A terraced house built just after the First World War cutting its energy consumption by nearly two-thirds after being fitted with a range of state-of-the-art economy measures by university researchers.
The 'Energy House' created by the teams from Salford and Leeds Metropolitan Universities was intended to prove that the materials and technology were available to retro-fit older homes, and substantially cut energy costs, lower carbon dioxide emissions, and halve its level of air loss.
In addition to bringing loft insulation and glazing in the house up to the highest modern standards, extra insulation was fitted to internal and external walls.
Saint-Gobain, the building materials products involved in the project, said it had proved that, by installing high-quality materials throughout, the time taken to recoup the cost of the works could be significantly reduced.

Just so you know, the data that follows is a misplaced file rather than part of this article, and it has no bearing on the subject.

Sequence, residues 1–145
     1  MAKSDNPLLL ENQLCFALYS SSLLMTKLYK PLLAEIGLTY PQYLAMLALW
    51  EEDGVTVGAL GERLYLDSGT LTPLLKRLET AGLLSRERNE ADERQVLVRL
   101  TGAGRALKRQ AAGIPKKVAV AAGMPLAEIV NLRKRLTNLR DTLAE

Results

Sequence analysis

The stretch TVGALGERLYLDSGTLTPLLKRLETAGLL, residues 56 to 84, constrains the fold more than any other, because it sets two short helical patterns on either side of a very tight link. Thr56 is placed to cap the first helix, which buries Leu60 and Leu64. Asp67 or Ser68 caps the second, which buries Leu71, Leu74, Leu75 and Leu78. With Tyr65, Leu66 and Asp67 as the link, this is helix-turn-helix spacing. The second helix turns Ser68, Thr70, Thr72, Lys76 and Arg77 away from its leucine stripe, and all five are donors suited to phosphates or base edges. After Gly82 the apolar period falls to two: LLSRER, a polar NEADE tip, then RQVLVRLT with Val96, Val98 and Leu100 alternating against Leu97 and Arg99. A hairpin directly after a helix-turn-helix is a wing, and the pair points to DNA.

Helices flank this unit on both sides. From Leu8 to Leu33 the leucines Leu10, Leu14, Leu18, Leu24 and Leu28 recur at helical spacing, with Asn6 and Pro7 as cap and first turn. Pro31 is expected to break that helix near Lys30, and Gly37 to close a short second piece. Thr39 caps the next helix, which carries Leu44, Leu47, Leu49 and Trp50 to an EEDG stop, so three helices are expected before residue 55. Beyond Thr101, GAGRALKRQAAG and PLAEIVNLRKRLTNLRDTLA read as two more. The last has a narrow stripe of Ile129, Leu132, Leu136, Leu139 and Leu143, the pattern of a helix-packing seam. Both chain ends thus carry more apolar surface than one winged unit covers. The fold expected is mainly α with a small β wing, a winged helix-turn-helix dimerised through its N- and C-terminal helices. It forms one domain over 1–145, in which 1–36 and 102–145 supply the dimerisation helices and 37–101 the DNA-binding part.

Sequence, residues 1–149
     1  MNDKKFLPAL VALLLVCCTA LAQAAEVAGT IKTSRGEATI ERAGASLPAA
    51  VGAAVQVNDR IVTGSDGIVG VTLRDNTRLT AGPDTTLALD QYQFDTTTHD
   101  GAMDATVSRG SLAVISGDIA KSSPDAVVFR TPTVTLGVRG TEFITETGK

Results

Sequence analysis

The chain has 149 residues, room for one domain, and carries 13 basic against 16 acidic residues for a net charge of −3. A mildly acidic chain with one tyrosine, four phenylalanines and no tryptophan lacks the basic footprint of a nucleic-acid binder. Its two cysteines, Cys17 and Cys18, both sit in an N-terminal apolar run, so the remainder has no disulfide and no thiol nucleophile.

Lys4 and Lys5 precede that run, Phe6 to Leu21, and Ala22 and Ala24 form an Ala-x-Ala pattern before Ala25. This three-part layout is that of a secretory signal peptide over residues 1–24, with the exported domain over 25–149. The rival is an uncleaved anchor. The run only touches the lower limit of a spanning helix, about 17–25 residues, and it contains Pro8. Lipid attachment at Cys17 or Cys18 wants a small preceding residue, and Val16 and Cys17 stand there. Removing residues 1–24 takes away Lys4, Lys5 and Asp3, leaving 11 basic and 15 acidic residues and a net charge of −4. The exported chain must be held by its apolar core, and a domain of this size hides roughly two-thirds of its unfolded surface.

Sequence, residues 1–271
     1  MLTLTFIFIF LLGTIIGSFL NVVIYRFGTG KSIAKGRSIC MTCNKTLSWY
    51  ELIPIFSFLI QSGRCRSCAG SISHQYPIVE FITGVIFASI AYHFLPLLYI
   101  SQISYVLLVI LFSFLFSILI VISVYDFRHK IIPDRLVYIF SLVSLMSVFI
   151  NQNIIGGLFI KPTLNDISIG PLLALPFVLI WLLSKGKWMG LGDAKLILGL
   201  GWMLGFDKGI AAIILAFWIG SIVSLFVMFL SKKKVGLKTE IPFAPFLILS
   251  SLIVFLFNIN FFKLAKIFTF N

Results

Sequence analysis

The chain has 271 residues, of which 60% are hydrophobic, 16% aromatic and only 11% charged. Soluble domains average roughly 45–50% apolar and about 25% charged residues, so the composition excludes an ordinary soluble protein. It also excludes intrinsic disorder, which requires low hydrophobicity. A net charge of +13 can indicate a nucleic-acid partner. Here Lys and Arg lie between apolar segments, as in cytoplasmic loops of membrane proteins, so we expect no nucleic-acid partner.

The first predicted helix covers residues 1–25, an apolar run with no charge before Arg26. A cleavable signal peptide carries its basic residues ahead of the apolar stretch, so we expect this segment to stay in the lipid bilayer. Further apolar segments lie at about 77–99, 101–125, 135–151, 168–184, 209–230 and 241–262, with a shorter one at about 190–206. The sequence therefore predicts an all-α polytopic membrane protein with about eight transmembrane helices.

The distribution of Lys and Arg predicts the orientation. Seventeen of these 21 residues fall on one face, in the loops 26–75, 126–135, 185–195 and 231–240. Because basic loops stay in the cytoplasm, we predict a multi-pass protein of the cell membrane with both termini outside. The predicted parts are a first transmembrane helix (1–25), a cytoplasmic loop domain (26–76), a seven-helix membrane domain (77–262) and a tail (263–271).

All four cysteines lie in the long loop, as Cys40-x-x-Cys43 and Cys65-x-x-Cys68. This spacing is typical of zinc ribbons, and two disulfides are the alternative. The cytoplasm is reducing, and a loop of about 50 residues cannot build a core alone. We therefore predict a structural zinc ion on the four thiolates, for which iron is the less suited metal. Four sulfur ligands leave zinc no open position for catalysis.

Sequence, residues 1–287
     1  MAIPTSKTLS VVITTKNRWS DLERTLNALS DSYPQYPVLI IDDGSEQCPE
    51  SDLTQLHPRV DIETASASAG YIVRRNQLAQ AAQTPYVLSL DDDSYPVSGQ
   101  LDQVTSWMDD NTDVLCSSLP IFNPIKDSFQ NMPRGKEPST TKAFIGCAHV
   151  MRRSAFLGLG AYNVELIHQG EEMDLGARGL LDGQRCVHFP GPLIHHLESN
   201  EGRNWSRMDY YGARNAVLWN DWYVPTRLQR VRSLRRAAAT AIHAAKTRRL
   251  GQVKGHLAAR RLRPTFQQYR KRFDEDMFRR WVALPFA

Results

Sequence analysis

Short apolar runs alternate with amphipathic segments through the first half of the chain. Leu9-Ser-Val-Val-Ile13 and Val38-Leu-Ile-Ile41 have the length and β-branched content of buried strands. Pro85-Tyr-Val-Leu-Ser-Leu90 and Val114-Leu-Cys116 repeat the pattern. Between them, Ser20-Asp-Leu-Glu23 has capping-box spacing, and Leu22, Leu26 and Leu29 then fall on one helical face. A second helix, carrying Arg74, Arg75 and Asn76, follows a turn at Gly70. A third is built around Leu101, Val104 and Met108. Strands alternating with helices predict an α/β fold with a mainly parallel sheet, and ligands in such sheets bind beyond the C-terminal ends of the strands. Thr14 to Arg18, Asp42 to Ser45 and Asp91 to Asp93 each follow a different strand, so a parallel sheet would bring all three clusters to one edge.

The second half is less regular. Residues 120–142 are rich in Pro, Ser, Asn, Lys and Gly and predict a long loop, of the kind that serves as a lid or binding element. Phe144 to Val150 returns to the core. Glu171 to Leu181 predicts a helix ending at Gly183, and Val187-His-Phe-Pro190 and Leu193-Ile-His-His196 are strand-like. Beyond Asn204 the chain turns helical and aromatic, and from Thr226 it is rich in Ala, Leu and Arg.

"This research has direct impact on those vulnerable families currently living in fuel poverty,” said Richard Fitton, Salford University's technical manager of the test house.
Professor Chris Gorse of Leeds Metropolitan University added: “The results are impressive, considering that the baseline building had double-glazing and roof insulation and would not be considered a poor example of this type of dwelling.”